Stating that the deal would "create unique risks to privacy" and "violate previously agreed standards for the conduct of online advertising," the Electronic Privacy Information Center (EPIC), the Center for Digital Democracy (CDD) and the U.S. Public Interest Research Group (U.S. PIRG) officially urged the FTC to begin an investigation.
The merger raises unique concerns because of the amount of information Google collects and retains for an indefinite length of time, the groups maintain. Although Google announced plans to cut that time to two years, Marc Rotenberg, executive director of EPIC, argues that "keeping search histories for any length of time is an inappropriate use of consumer information." Indeed, current privacy laws require that consumers' data be deleted once it is no longer needed.
In a statement, Google announced its intention to integrate the two companies' "non-personally identifiable data," but the manner in which that information will be handled is also cited in the complaint as an issue for the FTC to investigate.
That is not surprising, given DoubleClick's previous difficulties involving consumer privacy. In 2002, the company settled lawsuits stemming from an FTC investigation into their attempt to track users' online habits using identifiable personal information such as names.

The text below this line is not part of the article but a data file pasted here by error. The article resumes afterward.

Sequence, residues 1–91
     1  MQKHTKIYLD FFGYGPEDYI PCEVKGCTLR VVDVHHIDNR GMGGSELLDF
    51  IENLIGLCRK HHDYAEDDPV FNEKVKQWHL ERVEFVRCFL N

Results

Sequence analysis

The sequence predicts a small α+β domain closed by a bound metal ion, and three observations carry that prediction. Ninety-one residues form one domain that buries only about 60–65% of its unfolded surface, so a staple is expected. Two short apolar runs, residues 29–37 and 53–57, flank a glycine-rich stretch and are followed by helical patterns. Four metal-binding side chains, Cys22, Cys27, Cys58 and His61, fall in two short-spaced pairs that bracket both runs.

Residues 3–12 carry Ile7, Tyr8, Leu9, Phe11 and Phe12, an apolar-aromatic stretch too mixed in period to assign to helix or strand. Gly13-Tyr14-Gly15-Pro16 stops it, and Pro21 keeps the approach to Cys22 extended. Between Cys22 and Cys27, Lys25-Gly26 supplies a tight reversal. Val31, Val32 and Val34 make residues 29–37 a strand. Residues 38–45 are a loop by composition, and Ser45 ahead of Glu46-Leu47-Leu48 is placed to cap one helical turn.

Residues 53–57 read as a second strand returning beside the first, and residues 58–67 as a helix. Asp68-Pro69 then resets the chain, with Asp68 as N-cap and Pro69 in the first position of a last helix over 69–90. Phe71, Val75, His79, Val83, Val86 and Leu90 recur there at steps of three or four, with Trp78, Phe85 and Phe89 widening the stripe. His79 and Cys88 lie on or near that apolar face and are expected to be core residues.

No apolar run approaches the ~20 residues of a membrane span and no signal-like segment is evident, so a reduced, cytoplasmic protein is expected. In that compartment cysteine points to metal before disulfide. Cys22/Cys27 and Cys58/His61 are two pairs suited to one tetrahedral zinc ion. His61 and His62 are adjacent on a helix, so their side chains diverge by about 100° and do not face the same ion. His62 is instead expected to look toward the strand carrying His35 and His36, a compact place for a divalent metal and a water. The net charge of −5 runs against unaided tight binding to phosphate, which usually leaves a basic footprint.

But on Friday, in a response to speculation about the companies' data-sharing practices, DoubleClick issued a statement intended to assuage the concerns of both consumers and publishers worried about Google gaining access to its most sensitive information.
"Information collected by DoubleClick DART ad serving technology belongs to DoubleClick's clients and not to DoubleClick ... Furthermore, Google would not be able to match its search data to the data collected by DoubleClick, as DoubleClick does not have the right to use its clients' data for such purposes."
That doesn't mean that the data synergy won't happen. According to Lance Cottrell, president/founder of Internet privacy firm Anonymizer, Inc., "it sounds like an instance of contractual obligation. DoubleClick may be contractually prevented from sharing its data with Google, but are the same obligations preventing Google from passing its info to DoubleClick?"
Given EPIC's past successes with regard to Internet privacy concerns, it is likely that the FTC will begin an investigation. And according to Cottrell, that's a good thing.
"The degree to which people misunderstand privacy on the Web is almost incomprehensible. The real danger stems from the fact that people use the Internet like it's anonymous, but it's really not."